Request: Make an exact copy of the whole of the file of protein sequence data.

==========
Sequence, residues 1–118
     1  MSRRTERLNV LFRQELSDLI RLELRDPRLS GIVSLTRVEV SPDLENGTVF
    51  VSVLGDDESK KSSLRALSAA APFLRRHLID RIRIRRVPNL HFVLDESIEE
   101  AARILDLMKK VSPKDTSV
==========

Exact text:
Sequence, residues 1–118
     1  MSRRTERLNV LFRQELSDLI RLELRDPRLS GIVSLTRVEV SPDLENGTVF
    51  VSVLGDDESK KSSLRALSAA APFLRRHLID RIRIRRVPNL HFVLDESIEE
   101  AARILDLMKK VSPKDTSV